Rat problem traps a Waipahu family

Adeline Marks
Adeline Marks
Anthony Marks
Anthony Marks

By Leland Kim - bio | email

WAIPAHU (KHNL) - Imagine living in a house infested with rodents. That's the reality for a Waipahu family, and they say, they're not getting much cooperation from their landlord.

The Marks family moved into their apartment four months ago. They were hoping for a new start, but a health hazard is making it tough to be in their own home.

Anthony and Adeline Marks enjoy teaching their son Anthony Jr. how to develop his imagination. The family is also getting an unexpected lesson in living with rodents. A rat problem has made them feel trapped in their own home.

"I just noticed a smell coming from the oven," said Adeline Marks. "It was like a dead smell. To me, it smelled like a dead cat."

They noticed what appears to be rat droppings in their kitchen. Soon after that, they made a gruesome discovery.

"Anthony, tell me where the rat was found," said KHNL.

"It was found between the top part of the stove, and in the inside above the top part," said Anthony Marks, Sr. So when you open this up, they pulled the bottom part out, there was a rat between this and the top of the stove.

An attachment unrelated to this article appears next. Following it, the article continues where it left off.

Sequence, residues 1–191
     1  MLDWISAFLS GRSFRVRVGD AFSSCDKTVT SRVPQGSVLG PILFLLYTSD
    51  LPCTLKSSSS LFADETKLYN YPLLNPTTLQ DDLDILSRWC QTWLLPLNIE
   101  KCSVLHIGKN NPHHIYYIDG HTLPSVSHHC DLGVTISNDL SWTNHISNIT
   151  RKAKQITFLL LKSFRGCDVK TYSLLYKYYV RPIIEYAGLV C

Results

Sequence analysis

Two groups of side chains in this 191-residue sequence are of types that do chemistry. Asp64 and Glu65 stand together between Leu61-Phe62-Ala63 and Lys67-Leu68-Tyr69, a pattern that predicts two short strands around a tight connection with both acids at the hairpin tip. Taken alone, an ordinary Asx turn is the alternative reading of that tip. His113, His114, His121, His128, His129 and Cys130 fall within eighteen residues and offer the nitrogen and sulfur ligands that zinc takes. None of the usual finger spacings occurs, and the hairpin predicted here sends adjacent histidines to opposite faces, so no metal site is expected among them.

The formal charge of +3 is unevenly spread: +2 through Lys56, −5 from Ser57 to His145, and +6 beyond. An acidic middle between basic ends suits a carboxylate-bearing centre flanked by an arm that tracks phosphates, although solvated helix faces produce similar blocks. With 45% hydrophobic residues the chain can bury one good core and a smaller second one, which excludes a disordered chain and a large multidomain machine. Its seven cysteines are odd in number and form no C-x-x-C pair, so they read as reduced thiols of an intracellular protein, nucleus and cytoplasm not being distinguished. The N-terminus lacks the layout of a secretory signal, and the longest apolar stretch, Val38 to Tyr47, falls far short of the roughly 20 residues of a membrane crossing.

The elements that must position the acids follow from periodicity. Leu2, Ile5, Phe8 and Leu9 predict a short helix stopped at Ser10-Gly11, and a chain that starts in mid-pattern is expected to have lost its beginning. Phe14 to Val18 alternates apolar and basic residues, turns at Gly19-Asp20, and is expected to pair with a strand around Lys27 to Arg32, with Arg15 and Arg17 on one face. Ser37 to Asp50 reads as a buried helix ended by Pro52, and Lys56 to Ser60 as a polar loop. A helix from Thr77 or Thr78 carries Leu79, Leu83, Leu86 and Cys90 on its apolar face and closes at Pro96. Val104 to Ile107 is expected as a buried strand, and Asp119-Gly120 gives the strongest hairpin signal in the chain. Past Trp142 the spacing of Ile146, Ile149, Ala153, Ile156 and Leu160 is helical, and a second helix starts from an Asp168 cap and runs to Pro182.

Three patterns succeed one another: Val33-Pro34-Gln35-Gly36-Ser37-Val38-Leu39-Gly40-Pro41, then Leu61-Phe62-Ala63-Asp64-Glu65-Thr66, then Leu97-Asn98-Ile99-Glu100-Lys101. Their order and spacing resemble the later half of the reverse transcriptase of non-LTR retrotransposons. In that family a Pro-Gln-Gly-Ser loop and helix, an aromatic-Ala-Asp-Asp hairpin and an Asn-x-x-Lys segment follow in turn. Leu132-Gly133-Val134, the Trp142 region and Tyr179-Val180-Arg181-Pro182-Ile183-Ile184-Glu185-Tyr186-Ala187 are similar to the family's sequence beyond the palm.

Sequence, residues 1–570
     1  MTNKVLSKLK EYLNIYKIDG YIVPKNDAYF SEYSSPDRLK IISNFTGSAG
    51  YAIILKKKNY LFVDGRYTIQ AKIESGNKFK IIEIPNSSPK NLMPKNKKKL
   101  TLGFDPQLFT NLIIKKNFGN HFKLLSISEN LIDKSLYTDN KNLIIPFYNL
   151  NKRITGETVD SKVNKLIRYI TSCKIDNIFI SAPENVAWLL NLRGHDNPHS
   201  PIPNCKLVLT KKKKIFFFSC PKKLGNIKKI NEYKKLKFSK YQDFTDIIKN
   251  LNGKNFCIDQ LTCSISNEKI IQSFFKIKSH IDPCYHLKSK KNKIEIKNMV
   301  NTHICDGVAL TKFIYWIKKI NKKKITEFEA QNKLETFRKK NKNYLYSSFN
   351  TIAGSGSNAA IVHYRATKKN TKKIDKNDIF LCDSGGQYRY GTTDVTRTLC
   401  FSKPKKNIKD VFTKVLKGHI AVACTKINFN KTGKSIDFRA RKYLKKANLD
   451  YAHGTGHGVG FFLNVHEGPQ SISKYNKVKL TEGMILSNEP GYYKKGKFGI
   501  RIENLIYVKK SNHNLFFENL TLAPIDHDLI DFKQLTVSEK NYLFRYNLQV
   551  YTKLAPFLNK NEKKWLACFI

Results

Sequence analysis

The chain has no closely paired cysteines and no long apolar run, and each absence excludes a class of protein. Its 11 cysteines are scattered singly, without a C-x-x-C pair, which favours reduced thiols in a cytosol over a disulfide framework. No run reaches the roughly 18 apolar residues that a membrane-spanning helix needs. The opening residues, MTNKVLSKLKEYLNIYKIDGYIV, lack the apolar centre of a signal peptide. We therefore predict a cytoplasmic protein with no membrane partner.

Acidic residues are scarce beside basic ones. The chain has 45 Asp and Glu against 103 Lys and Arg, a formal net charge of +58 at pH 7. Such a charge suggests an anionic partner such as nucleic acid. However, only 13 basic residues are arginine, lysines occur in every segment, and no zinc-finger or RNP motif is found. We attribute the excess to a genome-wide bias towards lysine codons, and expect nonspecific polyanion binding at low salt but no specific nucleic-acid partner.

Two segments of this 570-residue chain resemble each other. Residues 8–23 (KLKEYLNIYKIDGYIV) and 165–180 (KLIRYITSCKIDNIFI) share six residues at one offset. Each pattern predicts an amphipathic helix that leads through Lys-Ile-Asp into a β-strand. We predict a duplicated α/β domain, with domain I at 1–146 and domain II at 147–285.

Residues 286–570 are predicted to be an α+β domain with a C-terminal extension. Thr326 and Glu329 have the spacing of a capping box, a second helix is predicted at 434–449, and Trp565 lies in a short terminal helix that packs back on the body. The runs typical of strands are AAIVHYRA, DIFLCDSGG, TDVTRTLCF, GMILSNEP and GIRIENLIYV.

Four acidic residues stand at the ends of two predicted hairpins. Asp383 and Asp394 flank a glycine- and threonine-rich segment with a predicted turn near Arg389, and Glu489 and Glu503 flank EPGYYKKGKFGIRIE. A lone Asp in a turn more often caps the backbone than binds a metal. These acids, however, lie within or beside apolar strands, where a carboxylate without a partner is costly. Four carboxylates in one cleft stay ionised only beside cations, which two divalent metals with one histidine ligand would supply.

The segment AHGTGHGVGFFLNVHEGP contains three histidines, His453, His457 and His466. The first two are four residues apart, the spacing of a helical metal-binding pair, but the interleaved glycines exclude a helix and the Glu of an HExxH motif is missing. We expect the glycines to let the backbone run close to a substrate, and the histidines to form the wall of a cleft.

"I was disgusted," said Adeline Marks. "I was very upset."

They complained to their landlord, who sent a pest control company. But instead of fixing the problem, the technician just gave the family rat traps.

One theory is the rats are coming through the bottom of this kitchen door frame. It's supposed to be sealed, but as you can see, there's a big hole at the bottom.

Gaps around the kitchen sink pipe could also be a possible entry point for rats. A health department inspector came by last week and confirmed there's evidence of rodent activity.

"I told them about the rats being in the attic," said Adeline Marks. "And he said, 'Do you hear them every night?' And I said, 'Every night.'"

They're not the only ones. Their neighbors say they hear rodents scurrying about at night in between the walls.

"I just hope they clean up the place and make sure it's safe and livable," said Adeline Marks.

Oasis, the apartment complex's management, would not talk to us. Instead they referred us to their headquarters on the mainland. A message left early this afternoon was not returned.

A heart department inspector will return Friday. The management company could be fined if the problem is not fixed.